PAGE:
Ensure the operator or employee of the cell understands that your goal is to help make their job easier.

Make them feel part of the process, and they will be more than willing to show you some of the issues they come across.

Ensure they understand that this exercise is not about timing them but capturing the causes of work stoppages.

Mark of Q5, “We’re always touching on the human element. How do you get people engaged? That’s where improvements happen. Nobody knows that piece of equipment or machinery better than the operator themselves. So, you really need their input. The approach is to create “an island of excellence,” something people can point to as an example. So, give people recognition – a pat on the back and make them feel part of the continuous improvement process.”

Operation
Work Cell #1

Unit of Measure
Cycle Time in Minutes converted to seconds

Product
Widget X

Set Up-Time Minutes
Conversion of Minutes to Seconds
 Number of Work Operations
Cycle Time
Conversion of Minutes to Seconds
Comments / Notes

30
1800
1
7,00
420,00
Missing material (Operator had to search for material)

2
8,00
480,00
Missing assembly instruction

(Operator had to search for instructions)

3
25,00
1500,00
Broken SawBlade / No replacement (Operator had to leave work cell and go to stores to get replacement blade)

4
5,00
300,00
No issues - clean work task

5
5,00
300,00
No issues - clean work task

6
8,50
510,00
Missing assembly instruction

(Operator had to search for instructions)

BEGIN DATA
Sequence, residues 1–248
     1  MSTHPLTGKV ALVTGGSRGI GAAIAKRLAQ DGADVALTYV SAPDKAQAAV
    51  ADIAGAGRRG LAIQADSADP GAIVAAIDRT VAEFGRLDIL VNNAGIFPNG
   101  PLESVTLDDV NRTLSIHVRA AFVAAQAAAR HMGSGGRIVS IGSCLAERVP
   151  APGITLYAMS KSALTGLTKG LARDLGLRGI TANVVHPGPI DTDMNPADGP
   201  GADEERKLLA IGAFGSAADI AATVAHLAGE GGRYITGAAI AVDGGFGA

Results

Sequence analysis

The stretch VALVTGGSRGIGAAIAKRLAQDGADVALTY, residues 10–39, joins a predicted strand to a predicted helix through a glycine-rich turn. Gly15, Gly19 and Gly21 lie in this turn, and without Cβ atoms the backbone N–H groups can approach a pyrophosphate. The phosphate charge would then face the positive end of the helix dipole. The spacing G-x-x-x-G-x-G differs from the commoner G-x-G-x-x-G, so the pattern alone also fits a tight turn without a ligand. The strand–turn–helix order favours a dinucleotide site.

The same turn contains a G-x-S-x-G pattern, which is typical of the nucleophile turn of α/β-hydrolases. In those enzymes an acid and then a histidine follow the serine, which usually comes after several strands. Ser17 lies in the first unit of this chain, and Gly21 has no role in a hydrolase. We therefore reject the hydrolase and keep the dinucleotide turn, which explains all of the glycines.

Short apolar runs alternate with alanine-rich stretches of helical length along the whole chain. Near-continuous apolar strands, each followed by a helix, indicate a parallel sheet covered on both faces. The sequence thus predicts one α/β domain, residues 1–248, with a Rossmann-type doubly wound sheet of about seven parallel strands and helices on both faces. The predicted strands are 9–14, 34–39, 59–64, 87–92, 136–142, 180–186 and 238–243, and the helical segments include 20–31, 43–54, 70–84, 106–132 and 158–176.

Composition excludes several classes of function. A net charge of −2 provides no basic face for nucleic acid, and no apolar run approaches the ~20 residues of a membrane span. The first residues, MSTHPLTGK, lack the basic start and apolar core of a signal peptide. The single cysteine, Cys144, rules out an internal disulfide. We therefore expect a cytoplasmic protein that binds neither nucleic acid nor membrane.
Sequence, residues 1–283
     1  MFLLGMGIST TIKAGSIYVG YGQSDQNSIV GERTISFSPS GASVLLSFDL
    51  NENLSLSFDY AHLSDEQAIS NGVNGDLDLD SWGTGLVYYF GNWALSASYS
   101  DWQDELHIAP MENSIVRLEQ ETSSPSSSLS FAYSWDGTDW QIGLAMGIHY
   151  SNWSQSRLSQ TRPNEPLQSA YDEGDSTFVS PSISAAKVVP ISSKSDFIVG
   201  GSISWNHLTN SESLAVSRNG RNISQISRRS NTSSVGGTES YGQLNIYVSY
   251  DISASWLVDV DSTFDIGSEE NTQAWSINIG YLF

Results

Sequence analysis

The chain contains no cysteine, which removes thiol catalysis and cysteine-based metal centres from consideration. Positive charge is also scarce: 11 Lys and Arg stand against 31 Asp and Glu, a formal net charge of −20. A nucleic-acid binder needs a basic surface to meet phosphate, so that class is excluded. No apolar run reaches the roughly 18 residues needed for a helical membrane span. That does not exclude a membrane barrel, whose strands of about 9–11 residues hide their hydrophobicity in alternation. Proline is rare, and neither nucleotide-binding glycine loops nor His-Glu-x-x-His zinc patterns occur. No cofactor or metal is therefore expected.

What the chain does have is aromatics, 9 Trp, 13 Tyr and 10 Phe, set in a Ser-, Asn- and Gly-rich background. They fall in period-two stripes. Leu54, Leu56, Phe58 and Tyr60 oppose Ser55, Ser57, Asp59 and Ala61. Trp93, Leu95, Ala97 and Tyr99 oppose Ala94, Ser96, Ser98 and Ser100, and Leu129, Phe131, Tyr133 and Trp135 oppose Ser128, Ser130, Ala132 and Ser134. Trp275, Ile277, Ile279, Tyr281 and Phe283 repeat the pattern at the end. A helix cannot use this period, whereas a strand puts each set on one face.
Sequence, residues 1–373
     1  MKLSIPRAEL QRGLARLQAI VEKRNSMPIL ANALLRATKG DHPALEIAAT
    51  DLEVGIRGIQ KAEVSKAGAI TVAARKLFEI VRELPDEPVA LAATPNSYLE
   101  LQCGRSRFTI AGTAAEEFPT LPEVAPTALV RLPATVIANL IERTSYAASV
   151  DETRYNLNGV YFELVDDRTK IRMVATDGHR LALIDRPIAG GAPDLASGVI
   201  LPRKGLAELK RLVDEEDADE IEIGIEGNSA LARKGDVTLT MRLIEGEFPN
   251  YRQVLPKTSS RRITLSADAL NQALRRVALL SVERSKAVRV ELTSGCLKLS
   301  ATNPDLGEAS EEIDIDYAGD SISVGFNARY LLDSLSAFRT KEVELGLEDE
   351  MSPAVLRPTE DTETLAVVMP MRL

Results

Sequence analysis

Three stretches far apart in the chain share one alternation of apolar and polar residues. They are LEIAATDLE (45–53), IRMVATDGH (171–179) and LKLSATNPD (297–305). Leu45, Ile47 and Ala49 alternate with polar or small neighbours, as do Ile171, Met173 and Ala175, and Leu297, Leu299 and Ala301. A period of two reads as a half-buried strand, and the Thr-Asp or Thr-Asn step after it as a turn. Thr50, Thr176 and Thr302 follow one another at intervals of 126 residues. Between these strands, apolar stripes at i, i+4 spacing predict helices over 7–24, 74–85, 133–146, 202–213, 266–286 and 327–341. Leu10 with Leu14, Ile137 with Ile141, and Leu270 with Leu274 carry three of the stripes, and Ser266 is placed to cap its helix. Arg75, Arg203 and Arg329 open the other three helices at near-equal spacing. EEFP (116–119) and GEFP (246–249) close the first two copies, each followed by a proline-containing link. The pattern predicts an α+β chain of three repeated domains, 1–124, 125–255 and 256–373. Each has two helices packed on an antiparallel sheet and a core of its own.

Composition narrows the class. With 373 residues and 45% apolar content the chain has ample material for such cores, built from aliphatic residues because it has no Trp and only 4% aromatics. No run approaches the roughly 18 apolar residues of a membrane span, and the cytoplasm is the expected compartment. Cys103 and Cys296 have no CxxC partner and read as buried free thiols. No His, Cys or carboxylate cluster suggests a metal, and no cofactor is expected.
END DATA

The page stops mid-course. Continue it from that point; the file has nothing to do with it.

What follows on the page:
7
9,00
540,00
Missing tool (lack of tool placement caused delay)

8
5,00
300,00
No issues - clean work task

9
5,00
300,00
No issues - clean work task

10
15,00
900,00
Missing tool (lack of tool placement caused delay)

Averages
9,25
393,90

 

You’re going to create your own “island of excellence” by using these initial cycle times within the cell to show the issues the operator faces daily. You’ll also capture any reasons for delays or work stoppages.

In our example, the cycle times with no issues are done in five minutes or 300 seconds. We’ve converted it to seconds because even the smallest changes that save a couple of seconds can dramatically impact.

Now, the 5-minute cycle time may not be the optimized cycle time, but for this example, it’s the best cycle time this cell produces.

However, the average cycle time at the bottom is skewed by the operations (1,2,3,6,7, and 10) that encountered work stoppages. This means these work stoppages pushed the average cycle time to 9 minutes, 25 seconds, or 555 seconds.

There is no hard and fast rule about how many cycle times you should track. In our above example, we’ve tracked ten cycle times. We’ve converted those times from minutes to seconds to simplify how we calculate how much the work cell produces.

Deduct the 30-minute setup time from our manufacturing productivity rate of 5 hours and 35 minutes.
Take the remaining 5 hours and 5 minutes and convert them to seconds. This gives us 18,300 seconds of available work time.
Now, divide the 18,300 seconds by the cycle time in seconds, which is 555. This gives us a work cell throughput of 33 units.

 

 

The table below summarizes the data you’ve gathered from the work cell. Now, it’s more than likely that you already know what a given work cell produces. You may also know what the cycle times are. Plenty of MRP and ERP software solutions provide cycle time data.